Science, fiction, and the Fin de Siècle periodical press

Research output: Book/ReportBook

Colleges, School and Institutes

Abstract

In this revisionary study, Will Tattersdill argues against the reductive 'two cultures' model of intellectual discourse by exploring the cultural interactions between literature and science embodied in late nineteenth-century periodical literature, tracing the emergence of the new genre that would become known as 'science fiction'. He examines a range of fictional and non-fictional fin-de-siècle writing around distinct scientific themes: Martian communication, future prediction, X-rays, and polar exploration. Every chapter explores a major work of H. G. Wells, but also presents a wealth of exciting new material drawn from a variety of late Victorian periodicals. Arguing that the publications in which they appeared, as well as the stories themselves, played a crucial part in the development of science fiction, Tattersdill uses the form of the general interest magazine as a way of understanding the relationship between the arts and the sciences, and the creation of a new literary genre.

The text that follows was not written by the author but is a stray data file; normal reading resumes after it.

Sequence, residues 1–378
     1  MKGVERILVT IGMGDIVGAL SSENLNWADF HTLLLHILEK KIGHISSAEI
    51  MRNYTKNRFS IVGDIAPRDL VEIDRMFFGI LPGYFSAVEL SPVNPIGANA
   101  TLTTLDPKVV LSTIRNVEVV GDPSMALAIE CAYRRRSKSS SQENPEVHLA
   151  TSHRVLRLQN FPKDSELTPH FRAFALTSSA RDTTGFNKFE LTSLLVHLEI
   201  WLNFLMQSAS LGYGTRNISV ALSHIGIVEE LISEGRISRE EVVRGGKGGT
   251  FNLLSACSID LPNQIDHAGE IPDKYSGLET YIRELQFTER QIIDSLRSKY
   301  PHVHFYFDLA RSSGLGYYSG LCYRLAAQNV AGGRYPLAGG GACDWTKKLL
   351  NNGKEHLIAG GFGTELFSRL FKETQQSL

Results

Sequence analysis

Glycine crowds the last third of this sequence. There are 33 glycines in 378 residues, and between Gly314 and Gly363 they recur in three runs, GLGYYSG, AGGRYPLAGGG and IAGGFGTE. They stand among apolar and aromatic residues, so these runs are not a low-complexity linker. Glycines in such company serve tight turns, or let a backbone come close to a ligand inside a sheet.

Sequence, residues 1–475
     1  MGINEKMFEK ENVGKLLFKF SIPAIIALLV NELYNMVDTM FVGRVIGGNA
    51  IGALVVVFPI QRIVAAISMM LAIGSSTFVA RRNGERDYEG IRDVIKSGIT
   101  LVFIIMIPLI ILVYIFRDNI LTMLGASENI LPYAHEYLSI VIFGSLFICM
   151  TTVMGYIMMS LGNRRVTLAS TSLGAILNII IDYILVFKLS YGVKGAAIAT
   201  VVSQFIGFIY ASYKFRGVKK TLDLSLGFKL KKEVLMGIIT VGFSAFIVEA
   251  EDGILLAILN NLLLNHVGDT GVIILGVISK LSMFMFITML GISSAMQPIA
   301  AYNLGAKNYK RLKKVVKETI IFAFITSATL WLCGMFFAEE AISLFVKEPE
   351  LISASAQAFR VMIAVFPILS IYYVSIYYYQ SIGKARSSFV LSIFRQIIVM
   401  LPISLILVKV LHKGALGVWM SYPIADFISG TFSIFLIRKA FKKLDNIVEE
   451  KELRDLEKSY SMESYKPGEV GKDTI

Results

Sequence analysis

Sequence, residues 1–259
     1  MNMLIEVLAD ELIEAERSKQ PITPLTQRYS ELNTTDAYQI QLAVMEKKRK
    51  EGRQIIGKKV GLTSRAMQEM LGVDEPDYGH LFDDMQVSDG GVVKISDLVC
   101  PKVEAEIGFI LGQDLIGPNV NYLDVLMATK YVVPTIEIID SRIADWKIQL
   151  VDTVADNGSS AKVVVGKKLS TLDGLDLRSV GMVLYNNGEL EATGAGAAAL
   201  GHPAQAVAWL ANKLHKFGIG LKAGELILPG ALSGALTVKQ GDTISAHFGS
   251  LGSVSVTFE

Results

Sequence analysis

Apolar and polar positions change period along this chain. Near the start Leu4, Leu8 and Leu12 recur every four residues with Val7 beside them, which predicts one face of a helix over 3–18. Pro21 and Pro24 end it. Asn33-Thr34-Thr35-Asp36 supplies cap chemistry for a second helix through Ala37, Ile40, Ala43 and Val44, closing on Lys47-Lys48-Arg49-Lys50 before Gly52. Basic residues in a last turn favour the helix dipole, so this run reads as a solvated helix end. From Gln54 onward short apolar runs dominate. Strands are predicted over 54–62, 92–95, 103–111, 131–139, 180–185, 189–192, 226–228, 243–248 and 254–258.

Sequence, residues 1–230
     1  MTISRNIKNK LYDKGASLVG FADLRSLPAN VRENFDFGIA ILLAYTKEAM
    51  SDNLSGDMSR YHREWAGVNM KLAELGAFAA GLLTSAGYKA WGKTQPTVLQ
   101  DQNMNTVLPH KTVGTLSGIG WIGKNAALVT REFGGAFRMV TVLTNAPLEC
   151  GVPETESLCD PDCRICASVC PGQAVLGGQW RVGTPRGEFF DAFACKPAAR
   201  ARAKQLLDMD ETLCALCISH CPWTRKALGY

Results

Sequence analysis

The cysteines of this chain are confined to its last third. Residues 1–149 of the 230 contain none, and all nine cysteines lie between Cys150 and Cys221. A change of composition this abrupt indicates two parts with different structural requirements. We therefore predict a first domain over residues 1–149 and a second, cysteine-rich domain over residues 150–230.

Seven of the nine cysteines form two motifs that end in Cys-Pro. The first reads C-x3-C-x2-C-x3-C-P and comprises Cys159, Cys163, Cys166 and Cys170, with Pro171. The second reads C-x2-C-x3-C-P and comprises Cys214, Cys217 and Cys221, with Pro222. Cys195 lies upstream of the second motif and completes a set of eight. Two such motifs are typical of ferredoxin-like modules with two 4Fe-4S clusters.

Details

Original languageEnglish
PublisherCambridge University Press
Number of pages241
ISBN (Electronic)9781316534724
ISBN (Print)9781107144651
Publication statusPublished - Mar 2016

Publication series

NameCambridge Studies in Nineteenth-Century Literature and Culture
PublisherCambridge University Press

Keywords

  • Periodicals, Science Fiction, Magazines, Fin de Siecle, Literature and Science, H G Wells